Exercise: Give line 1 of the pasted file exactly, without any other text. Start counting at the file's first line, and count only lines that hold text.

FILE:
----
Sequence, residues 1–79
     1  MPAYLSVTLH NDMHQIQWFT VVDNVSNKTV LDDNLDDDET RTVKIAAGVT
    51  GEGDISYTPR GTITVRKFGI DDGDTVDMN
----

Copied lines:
Sequence, residues 1–79